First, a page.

1. ECONOMICALLY ACTIVE AND INACTIVE POPULATION
Work, occupation or profession plays an important role in our lives. The economically active population includes people who are willing and able to work and people people who search for work – the unemployed. The first group includes self-employed people end employees. Economically inactive people are minors, the retired, the disabled, the sick or those who do not wish or are unable to work.
When a child is born, mother usually takes maternity leave. Maternity pay is very low in our country, so the man is often responsible for earning the entire family income. When the child grows a little and is able to attend a nursery school, the mother often goes back to work.
2. PHYSICAL AND INTELLECTUAL WORK
When you want to choose the right profession you have to consider several factors, such as type of work, possible promotion and career development, salary, working time and commuting. Physical work requires physical strength and persistence. There are many types of intellectual work. Some professions require detailed knowledge /e.g. scientists, doctors, lawyers, accountants/, others talent and creativity /e.g. artists/. There are more and more professions that require communication and organisation skills, such as managers, interpreters, teachers, sales representatives. In some occupations, people have responsibility for other peoples’ lives /doctors, pilots, drivers, teachers/. Some professions can be very dangerous /e.g. policeman, fireman, construction worker, pilot, truck driver/.
3. APPLYING FOR A JOB
Employment is a contract between an employer and an employee. Job vacancies are usually advertised in newspapers or on the Internet. Candidates send in their job applications and their CV’s, together with a letter of motivation. Their CV should include personal data and details about their education, skills and work experience. Those who are selected are invited to an interview. If a candidate succeeds, he or she is given an official offer of employment with a defined starting salary, medical benefits and vacation days. Most jobs give paid holiday and sick pay. Employees can be hired to work full-time or part-time. Some of them have fixed-term contract. It means that they earn wages according to the number of hours they work. Many people are self employed and run their own businesses. People who work for free are called volunteers.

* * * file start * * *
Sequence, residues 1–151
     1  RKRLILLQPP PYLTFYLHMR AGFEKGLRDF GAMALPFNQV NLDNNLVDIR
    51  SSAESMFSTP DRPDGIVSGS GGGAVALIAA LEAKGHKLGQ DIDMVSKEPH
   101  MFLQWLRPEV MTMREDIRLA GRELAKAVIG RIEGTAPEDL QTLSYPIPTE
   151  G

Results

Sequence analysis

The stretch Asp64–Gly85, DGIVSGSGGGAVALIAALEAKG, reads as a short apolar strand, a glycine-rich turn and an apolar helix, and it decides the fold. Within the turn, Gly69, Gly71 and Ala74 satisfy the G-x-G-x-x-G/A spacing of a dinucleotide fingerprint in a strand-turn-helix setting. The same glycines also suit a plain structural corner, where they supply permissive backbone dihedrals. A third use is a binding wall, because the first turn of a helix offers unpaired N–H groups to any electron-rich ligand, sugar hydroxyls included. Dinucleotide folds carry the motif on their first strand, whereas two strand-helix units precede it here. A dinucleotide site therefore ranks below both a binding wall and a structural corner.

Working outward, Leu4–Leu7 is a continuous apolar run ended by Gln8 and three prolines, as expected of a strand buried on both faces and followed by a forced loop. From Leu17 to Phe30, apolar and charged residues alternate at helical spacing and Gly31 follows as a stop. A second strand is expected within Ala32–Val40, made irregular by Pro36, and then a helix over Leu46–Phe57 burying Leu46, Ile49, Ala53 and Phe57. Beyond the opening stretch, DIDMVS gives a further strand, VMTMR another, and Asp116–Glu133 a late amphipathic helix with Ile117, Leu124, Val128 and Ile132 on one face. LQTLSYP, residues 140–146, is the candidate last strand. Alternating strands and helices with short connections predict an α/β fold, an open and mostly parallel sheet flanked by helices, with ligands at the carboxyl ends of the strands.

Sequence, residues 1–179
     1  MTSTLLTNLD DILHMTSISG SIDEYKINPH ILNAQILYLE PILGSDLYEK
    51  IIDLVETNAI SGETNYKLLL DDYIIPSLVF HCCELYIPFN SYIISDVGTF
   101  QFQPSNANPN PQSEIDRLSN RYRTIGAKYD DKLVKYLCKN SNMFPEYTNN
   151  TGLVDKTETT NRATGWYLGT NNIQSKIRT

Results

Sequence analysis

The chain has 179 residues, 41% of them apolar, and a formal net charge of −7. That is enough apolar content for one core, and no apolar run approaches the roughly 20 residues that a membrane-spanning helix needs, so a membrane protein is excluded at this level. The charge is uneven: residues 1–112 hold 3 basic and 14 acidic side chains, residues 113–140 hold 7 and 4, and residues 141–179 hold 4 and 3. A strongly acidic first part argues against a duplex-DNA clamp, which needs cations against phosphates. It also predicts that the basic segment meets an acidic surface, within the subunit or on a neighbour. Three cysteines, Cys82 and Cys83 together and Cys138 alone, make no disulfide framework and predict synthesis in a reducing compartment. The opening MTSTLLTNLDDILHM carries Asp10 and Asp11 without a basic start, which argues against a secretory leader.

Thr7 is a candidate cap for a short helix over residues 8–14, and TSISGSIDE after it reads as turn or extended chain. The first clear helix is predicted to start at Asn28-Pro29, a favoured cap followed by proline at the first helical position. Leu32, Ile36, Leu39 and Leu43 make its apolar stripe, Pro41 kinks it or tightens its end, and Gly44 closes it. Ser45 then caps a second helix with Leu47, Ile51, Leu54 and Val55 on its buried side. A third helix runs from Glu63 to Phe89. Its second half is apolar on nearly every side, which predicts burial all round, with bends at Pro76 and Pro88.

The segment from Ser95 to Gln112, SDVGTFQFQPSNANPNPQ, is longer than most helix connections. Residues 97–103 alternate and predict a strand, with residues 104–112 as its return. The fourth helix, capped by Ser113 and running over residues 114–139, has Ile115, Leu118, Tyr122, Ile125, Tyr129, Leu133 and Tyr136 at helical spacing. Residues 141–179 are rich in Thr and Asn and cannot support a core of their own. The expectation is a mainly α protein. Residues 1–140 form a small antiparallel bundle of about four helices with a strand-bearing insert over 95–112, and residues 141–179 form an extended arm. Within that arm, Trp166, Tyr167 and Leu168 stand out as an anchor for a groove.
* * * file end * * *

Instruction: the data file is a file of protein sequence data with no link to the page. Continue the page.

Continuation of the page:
4. WORKING SCHEDULES
Working hours in Europe vary between 33 and 41 hours a week. In Slovakia, working hours are normally 40 hours a week. However, there are more and more professions where people work long hours. Shift work describes regular employment outside normal daytime hours and is typical for healthcare service /doctors, nurses/, the emergency services /e.g. emergency medical services, police and fire-fighters/ and production and transportation /e.g. machine operators and truck drivers/. In our country, people in general, start work at 8:00 in the morning and finish at about 5 p.m. They normally have a lunch break at lunch time. Some people have flexible working hours, which means they can work at different times.
5. LABOUR MARKET
The labour market in our country has changed in the last decade. More work opportunities have been created thanks to foreign investors. However, the global financial crisis has increased unemployment; many people are being fired. In every society, there are people who are not willing to work and never will be. They benefit from the social security system – they receive unemployment benefits. They often work illegally. After reaching a certain age, people retire. Men and women retire at different ages.
Billíková, Andrea; Kondelová, Soňa a kol. Yes! Angličtina - nová maturita - vyššia úroveň + 2CD + DVD (B2). Starý Hrozenkov: Enigma publishing, s.r.o., 2012. 664 s. 9788081330155.